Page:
Located in the heart of Europe, Belgium is a true hub of logistics and innovation. It is for example home to one of Europe’s largest sea ports (with all the warehousing infrastructure that one would expect). Belgium also hosts several, globally leading biotech and life sciences clusters. It is no coincidence for example that pharma giant Pfizer has one of its largest production and packaging sites in Puurs, a small Belgian town, where it produces its Covid-19 vaccine. A few miles north, Jansen Pharmaceuticals has its HQ.

Such hubs are not just rich in talented human resources, but also in cutting edge and highly valuable know-how. A high concentration of know-how, combined with the increased mobility of employees, means a high(er) risk of misappropriation of this valuable information by unauthorized (third) parties. When a (foreign) company suspects its know-how has been misappropriated in Belgium, it will need evidence to substantiate this allegation in court. If the know-how is (also) covered by an intellectual property (IP) right, the holder of the know-how has access to a very efficient means of collecting evidence: the descriptive counterfeit seizure whereby discovery-like evidentiary measures will be granted ex parte. When the misappropriated know-how is only protected as a trade secret, no similar measures are provided for under EU law. The Belgian judges have therefore in the past not been very eager to grant trade secret holders access to ex parte evidence-gathering. With a recent judgment, however, the Brussels Court of Appeal has left the door behind which discovery-like measures are stored for holders of trade secrets open.

Before we discuss what the Court of Appeal has ruled, it should be reminded that the EU Trade Secret Directive (No 2016/943), which has been implemented in Belgian law, foresees in certain provisional and precautionary measures for trade secret holders against alleged infringers. These include the provisional cessation of the use of disclosure of a trade secret, the prohibition of the production of infringing goods the seizure of suspected infringing goods.

Access to such measures presupposes that trade secret misappropriation is proven. And such proof is typically hard to obtain. As said, specific measures to gather evidence of an alleged trade secret infringement, are not provided for in the Trade Secret Directive and have thus not been implemented into Belgian law. So on several occasions trade secrets holders have made creative use of the existing general rules on ex parte requests for provisional judicial relief. According to article 584 of the Belgian Judicial Code (Jud.C.) a judge can, in cases that it deems urgent, provisionally impose measures at the unilateral request of a party if an absolute necessity is established. Parties alleging that their trade secrets were infringed upon, have been invoking this provision to obtain ex parte evidentiary measures, arguing that the risk that such evidence would be destroyed after an inter partes discussion is too high.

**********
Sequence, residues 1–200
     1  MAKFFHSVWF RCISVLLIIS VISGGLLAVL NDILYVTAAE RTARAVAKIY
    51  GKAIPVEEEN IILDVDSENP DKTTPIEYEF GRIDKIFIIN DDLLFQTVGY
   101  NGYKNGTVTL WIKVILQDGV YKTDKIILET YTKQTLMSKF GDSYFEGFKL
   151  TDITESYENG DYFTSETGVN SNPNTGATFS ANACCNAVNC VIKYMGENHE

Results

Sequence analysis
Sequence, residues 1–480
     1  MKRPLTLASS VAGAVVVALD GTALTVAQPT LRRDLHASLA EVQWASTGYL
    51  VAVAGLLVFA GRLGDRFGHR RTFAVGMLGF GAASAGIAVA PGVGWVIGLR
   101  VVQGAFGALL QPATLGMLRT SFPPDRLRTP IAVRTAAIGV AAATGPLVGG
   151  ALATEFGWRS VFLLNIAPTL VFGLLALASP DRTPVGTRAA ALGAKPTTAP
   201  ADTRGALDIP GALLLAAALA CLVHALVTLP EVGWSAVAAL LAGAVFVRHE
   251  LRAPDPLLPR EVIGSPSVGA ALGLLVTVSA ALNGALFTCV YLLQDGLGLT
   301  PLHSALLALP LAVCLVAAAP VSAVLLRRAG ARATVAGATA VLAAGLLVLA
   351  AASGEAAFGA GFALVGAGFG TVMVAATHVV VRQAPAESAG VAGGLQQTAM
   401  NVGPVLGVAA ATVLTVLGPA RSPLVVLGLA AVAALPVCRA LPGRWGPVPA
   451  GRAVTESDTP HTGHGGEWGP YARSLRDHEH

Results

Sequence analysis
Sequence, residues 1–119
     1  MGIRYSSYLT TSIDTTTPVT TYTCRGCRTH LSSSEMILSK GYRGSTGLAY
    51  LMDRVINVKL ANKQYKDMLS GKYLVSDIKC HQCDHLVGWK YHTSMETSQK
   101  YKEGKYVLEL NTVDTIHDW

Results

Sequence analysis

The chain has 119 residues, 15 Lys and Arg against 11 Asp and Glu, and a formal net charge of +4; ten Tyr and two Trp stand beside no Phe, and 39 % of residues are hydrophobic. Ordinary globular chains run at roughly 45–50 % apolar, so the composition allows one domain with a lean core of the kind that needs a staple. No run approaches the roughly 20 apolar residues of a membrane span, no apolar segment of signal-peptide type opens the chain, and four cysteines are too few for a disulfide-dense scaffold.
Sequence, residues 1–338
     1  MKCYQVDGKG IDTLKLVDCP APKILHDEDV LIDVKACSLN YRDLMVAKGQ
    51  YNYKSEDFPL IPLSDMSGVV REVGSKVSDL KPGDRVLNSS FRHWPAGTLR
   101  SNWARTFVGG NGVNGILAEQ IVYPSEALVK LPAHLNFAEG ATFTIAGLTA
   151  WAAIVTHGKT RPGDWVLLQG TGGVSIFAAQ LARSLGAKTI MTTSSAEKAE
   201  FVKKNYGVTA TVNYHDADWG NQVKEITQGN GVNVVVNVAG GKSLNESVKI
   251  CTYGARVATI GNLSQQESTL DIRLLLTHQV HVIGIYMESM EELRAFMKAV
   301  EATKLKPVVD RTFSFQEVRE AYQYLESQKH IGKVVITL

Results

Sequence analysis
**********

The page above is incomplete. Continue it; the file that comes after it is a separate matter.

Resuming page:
In the past, Belgian judges have been rather reluctant to accept such requests. In February 2019, the Antwerp Enterprises Court for example explicitly ruled that is not possible to impose evidence gathering measures similar to those available to IP right holders when the case only relates to an alleged trade secret infringement. The court reasoned that since the Belgian legislator did not foresee the possibility of such measures when implementing the Trade Secret Directive, the existing article 584 Jud.C. could not be used to expand the descriptive evidentiary measures to trade secrets.

Recently, however, the jurisprudence related to this topic seems to have been taken another direction. In the spring of 2020, the Brussels Enterprises Court had ordered a descriptive counterfeit seizure based on an alleged trade secret infringement on the basis of article 584 Jud.C. In appeal, on 11 March 2021, the Brussels Court of Appeal did not confirm this ruling, but nevertheless confirmed that article 584 Jud.C. can in theory be the legal basis for unilaterally securing evidence of trade secret infringement, provided that all the legal conditions of this article are met and the interests of the parties involved are balanced. Applied to the facts of the case, the Brussels Court of Appeal ruled that these conditions were not met.

Provided that this decision will be upheld, trade secret holders might finally have an effective legal tool at their disposal to fight trade secret infringements connected to the knowhow hub Belgium. Whether these infringements were committed in Belgium is less relevant.